Last week The Star’s cricket writer Stuart Hess interviewed Cricket South Africa’s chief executive, Thabang Moroe, and wrote about it.
Tucked away in the piece was the following 24-carat gem.
“As things stand,” Hess quoted Moroe saying about national coach, Ottis Gibson, “he’s not getting a contract
extension unless he wins the World Cup.”
Reading through the story revealed that Gibson knows that winning the World Cup is a condition of his contract extension, so you could argue that he’s gone into this predicament with his eyes open.
Even taking this into account, though, the Moroe quote seems remarkably ungenerous.
Or thoughtless. Or both.
Moroe doesn’t say along with this, for example, “We, as CSA, will, however, do everything in our power to help Gibson and the players win the World Cup”.
He doesn’t say that the World Cup has become a bit of a Holy Grail for South African cricket and we’re trying to be realistic in our expectation.
He says that Gibson has to win it or else, which makes it rather sound like a threat from a teacher to an errant schoolboy.
There is, of course, some context here, context Moroe seems disinclined to discuss.
South Africa have conspired to knock themselves out of World Cups for nigh on 20 years, so much so that it’s become one of the poor taste jokes of South Africa’s fledgling democracy.
In 1999, playing Australia at Edgbaston, Lance Klusener ran and Allan Donald, mesmerised like a sleepy rabbit, pretty much stood still; four years later in the Kingsmead rain, the team forgot to add a single run to the Duckworth/Lewis table in a game against Sri Lanka.
Four years later, a stuttering display in which loses to Bangladesh and New Zealand were interspersed with wins against the West Indies and England in the Caribbean, culminated in the Proteas batting first in their semi-final against Australia and collapsing to 27 for five.
The game was over in the first hour.
In 2011 South Africa couldn’t score 220-odd against New Zealand to win a quarter-final in Dhaka, Bangladesh, while behind-the-scenes selection fiddling marred the semi-final against those self-same opponents, New Zealand, in Auckland in 2015.
The crowning irony – SA cricket revels in irony – was that the winning runs for New Zealand were scored by an ex-St Stithians College schoolboy, Grant Elliott, dropped beforehand because JP Duminy and Farhaan Behardien couldn’t decide on who would take the catch to probably ensure the Proteas’ passage to the final.
“Would you like to drop the World Cup?”
“No, please, after you.”
We see, then, that there’s a deforming context here. There is an expectation in excess of what the current side might reasonably achieve. There is all the angst of history. All sorts of unforeseen things can – and frequently do – go wrong.
There’s pain and disappointment and confusion yet Moroe, a chief executive who sups controversy in the way that others sip a cup of tea, behaves like a cross between the EFF’s Floyd Shivambu and an English Premiership manager.
Win it – or else!
A couple of days after Moroe’s statement, so the team he hopes will win the World Cup in England this winter played their first ODI at home this season.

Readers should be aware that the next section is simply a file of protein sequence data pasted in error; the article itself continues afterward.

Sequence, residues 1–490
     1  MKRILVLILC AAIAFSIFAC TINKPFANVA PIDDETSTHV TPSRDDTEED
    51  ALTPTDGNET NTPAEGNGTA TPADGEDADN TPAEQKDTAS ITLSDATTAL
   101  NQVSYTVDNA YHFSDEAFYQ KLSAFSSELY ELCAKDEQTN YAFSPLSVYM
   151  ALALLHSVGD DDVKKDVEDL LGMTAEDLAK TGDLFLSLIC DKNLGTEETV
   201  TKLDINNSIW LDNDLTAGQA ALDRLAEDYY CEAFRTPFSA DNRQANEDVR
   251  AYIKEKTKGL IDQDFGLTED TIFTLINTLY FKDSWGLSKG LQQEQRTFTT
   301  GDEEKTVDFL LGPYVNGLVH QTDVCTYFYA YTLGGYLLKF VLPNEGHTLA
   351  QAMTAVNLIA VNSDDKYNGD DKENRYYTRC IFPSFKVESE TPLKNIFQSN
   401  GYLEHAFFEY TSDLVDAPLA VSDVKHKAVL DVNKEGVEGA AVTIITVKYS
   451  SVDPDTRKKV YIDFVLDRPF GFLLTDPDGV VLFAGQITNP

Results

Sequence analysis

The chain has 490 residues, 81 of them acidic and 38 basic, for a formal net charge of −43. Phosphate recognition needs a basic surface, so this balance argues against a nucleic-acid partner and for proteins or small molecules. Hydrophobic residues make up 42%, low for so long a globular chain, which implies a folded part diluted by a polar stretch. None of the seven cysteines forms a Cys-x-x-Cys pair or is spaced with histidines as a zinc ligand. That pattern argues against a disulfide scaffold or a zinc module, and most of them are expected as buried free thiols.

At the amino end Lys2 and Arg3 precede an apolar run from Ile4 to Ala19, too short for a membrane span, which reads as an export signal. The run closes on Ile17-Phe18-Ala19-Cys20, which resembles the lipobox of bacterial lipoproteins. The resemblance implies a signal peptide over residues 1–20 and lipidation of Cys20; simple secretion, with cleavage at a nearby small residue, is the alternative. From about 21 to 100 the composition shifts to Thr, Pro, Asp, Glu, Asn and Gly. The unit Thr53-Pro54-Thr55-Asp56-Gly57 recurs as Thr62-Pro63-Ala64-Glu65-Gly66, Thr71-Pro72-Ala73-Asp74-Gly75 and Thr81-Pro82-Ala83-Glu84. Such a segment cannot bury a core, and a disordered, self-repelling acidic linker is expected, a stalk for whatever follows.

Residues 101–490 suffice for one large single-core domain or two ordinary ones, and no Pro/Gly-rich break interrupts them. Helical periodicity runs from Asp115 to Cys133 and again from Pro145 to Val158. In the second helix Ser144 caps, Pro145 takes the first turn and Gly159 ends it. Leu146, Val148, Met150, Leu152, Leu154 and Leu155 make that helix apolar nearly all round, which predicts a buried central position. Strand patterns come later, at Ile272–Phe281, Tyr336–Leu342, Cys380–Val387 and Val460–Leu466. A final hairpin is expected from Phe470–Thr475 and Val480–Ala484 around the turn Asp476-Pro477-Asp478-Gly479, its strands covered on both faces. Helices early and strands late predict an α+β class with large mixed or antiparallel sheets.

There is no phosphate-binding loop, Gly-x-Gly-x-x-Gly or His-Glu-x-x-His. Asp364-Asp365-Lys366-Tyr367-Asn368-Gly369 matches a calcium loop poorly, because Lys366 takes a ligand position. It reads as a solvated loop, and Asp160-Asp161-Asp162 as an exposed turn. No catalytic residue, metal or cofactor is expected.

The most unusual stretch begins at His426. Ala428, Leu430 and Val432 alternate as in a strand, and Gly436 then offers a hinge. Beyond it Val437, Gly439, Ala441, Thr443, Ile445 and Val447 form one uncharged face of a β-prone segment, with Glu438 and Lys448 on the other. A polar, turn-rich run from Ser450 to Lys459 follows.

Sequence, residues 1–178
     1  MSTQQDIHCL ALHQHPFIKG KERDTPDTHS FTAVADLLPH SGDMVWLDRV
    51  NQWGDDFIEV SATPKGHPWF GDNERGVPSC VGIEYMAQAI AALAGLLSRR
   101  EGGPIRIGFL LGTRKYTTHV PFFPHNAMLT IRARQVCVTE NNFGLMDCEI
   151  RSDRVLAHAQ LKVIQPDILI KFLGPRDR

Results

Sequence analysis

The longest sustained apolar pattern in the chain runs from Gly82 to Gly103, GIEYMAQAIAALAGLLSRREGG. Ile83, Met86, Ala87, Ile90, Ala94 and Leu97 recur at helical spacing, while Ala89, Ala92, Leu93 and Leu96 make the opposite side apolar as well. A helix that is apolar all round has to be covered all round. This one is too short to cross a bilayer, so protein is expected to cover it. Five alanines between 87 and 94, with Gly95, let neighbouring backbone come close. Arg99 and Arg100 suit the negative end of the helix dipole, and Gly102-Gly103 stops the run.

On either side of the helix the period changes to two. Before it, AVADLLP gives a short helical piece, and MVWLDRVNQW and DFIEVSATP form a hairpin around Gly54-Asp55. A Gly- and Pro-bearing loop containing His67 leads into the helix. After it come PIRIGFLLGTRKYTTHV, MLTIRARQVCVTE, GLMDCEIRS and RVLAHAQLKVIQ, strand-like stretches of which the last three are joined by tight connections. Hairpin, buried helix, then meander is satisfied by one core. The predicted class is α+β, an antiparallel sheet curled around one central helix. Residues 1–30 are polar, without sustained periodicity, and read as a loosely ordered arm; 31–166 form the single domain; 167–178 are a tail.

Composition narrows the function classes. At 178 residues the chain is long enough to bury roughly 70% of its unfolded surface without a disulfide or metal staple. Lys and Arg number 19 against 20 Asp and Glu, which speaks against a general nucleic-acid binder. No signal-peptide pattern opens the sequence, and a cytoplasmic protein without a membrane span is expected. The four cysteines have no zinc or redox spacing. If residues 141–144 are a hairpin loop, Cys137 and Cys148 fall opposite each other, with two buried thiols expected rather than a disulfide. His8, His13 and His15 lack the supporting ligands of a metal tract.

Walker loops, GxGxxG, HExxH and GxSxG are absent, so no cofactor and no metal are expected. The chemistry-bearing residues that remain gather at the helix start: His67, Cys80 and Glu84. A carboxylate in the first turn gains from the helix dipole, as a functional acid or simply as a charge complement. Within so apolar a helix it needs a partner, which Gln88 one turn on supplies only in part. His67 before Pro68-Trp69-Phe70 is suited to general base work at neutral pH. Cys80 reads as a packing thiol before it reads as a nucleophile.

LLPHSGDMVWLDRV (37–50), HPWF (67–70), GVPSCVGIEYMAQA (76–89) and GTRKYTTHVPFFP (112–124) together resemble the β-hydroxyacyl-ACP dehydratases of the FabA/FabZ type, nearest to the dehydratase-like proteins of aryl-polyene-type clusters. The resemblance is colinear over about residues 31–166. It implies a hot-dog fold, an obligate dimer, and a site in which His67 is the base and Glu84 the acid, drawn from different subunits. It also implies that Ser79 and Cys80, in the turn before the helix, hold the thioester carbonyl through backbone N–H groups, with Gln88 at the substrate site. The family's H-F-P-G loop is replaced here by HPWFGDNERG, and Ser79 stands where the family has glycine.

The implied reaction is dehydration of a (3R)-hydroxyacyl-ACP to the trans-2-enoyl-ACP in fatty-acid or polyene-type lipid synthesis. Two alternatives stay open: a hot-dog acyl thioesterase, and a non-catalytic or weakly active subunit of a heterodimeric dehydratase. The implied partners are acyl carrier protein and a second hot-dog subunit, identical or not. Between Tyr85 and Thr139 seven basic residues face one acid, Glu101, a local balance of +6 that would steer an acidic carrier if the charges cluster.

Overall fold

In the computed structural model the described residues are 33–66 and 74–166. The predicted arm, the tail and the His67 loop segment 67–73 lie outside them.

Perhaps thinking that Pakistan would be the pushovers they were in the recently-completed Tests, South Africa meandered to 266 for two batting first.
At the change of innings, Mark Nicholas, the normally unflappable English commentator moonlighting for SuperSport, was puzzled.
He muttered about the Proteas’ innings being a throwback to how 50-over cricket was played 10 or even 15 years ago.
On a by far from straightforward wicket, it was a sedate, blithely untroubled meander to a total neither one thing nor another.
Perhaps the South Africans reasoned it was enough because they would simply bomb Pakistan, who would meekly capitulate as they did in the three Tests.
It didn’t happen, Pakistan winning by five wickets with five balls to spare.
To be fair, there were some extenuating circumstances. Rassie van der Dussen was on ODI debut, and anxious to do well.
He and Hashim Amla batted for much of the innings together and Amla was anxious to do well for other reasons.
Some believe it is moot that he should be in the SA ODI side at all.
His hands aren’t what they used to be and he’s no gazelle in the field. The two forged a kind of negative consensus together, batting for themselves rather than the team.
Then Faf du Plessis took an eternity to discover that Pakistan – given a whiff – weren’t simply going to collapse like a line of dominoes.
He needed to impose himself on the game, attack rather than defend, but it was too late.
Humiliated in SA for a month, Pakistan weren’t going to let the opportunity pass them by.
They knew they could beat the Proteas because they did so at the Champions Trophy in England last year.
South Africa were as dreadful in that tournament as they were at St George’s.
Yes, appropriately stung and chastened, they will do better at Kingsmead in the second ODI later today and might yet recover to win the series.
But don’t bet on it.
Talk of winning the World Cup, from whatever quarter, is – as usual – premature.